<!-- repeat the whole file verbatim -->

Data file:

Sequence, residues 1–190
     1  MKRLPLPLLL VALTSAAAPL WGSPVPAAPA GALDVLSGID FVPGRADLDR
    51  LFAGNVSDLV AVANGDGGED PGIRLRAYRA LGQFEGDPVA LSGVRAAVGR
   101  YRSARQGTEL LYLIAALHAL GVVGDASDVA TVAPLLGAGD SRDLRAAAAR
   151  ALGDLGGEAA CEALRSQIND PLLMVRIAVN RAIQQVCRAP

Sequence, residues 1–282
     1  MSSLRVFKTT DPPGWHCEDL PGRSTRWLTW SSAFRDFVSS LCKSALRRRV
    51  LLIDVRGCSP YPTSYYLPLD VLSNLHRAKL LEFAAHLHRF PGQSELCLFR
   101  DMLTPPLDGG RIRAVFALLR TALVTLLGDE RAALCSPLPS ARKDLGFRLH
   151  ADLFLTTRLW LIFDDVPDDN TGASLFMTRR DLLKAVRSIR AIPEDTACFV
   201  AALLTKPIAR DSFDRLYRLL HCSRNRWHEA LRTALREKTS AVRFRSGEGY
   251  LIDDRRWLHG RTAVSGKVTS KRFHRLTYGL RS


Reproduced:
Sequence, residues 1–190
     1  MKRLPLPLLL VALTSAAAPL WGSPVPAAPA GALDVLSGID FVPGRADLDR
    51  LFAGNVSDLV AVANGDGGED PGIRLRAYRA LGQFEGDPVA LSGVRAAVGR
   101  YRSARQGTEL LYLIAALHAL GVVGDASDVA TVAPLLGAGD SRDLRAAAAR
   151  ALGDLGGEAA CEALRSQIND PLLMVRIAVN RAIQQVCRAP

Sequence, residues 1–282
     1  MSSLRVFKTT DPPGWHCEDL PGRSTRWLTW SSAFRDFVSS LCKSALRRRV
    51  LLIDVRGCSP YPTSYYLPLD VLSNLHRAKL LEFAAHLHRF PGQSELCLFR
   101  DMLTPPLDGG RIRAVFALLR TALVTLLGDE RAALCSPLPS ARKDLGFRLH
   151  ADLFLTTRLW LIFDDVPDDN TGASLFMTRR DLLKAVRSIR AIPEDTACFV
   201  AALLTKPIAR DSFDRLYRLL HCSRNRWHEA LRTALREKTS AVRFRSGEGY
   251  LIDDRRWLHG RTAVSGKVTS KRFHRLTYGL RS